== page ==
Three rings of a bell, and the 28 horses of the Congress Park Carousel are off.
The horses, which were carved by Marcus Charles Illions in 1910, have been making their rounds at the current location since 2002 after an extensive restoration project.
Today, the ride is a cornerstone of the scenic park. Elsewhere in the park, teenagers meet up with friends on its sprawling lawns while young professionals often take an afternoon break with a book or journal near the small pond. Joggers take to the park’s winding trails, and many rest on benches after spending time wandering downtown streets.
Local families also flock to the park during the summer months when the carousel is in operation.
Ann Derico, 74, of Halfmoon, has been bringing her six grandchildren to the ride since her oldest was born seven years ago.
“I think it’s great, fantastic, really. The kids can’t wait to get here, and it’s great for them,” she said.
On a recent afternoon, screams of joy could be heard across the park as young children pulled their parents toward the ride.
After buying a ride token, children are greeted by carousel workers like Stephanie Samascott of Ballston Spa.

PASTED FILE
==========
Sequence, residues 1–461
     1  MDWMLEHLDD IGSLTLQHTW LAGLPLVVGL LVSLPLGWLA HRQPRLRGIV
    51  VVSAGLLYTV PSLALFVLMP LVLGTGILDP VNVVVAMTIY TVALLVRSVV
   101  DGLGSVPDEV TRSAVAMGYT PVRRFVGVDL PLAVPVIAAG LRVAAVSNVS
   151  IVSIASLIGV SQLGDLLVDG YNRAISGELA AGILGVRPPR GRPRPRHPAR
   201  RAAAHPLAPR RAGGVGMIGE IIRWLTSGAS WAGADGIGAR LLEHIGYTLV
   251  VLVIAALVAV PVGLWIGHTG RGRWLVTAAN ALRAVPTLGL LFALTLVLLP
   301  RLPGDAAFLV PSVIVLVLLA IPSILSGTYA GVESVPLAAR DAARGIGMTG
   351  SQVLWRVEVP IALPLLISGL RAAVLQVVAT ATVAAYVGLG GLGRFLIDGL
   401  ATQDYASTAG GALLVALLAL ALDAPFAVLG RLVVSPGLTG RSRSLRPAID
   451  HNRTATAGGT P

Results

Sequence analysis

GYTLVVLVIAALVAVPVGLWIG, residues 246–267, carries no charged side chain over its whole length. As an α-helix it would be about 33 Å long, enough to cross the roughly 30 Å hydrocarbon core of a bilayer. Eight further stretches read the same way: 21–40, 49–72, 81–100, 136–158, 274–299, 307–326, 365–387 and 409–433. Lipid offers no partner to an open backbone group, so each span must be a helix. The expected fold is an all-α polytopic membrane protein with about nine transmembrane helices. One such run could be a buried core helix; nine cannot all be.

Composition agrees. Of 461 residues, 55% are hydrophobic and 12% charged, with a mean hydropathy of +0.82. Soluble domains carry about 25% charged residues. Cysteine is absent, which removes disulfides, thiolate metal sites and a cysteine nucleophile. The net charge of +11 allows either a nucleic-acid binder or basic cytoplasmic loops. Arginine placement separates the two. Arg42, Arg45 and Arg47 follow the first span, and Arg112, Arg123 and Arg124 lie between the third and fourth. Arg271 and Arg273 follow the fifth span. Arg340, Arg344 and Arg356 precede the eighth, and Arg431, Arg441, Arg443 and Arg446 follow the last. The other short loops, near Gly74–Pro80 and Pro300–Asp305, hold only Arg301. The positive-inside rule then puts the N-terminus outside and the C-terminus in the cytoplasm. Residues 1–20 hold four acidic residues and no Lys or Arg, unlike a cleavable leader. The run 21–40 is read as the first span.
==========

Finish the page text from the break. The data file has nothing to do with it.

Samascott has been working at the carousel for three years, taking tokens and giving out stickers to the riders.
Debbie Tuttle of Charlton said that she comes to the park for its vendor sale but stays to spend time with her grandchildren, Emme, 4, and Davis, 2.
Their mother, Paula Fischer, said the family heads to the carousel at least once a week, which “gives the children something fun to look forward to.”
Emme loves riding the carousel so much that she celebrated her fourth birthday there recently. “I like when we’re going around, and I like all of the horses,” she said.
But before the days of dollar-per-ride tokens, the carousel was part of the many attractions found at Kaydeross Park, an amusement area on Saratoga Lake. When the park closed in 1987, plans were made to auction off the carousel piece by piece.
The historical significance of the ride, however, led to the founding of the Save the Carousel Committee, which raised $150,000 to retain the entire carousel for restoration.
Today, it is the last two-row carousel carved by Marcus Illions that remains intact and is one of 150 operating carousels that remain of the 3,000 to 4,000 carved between 1885 and 1930.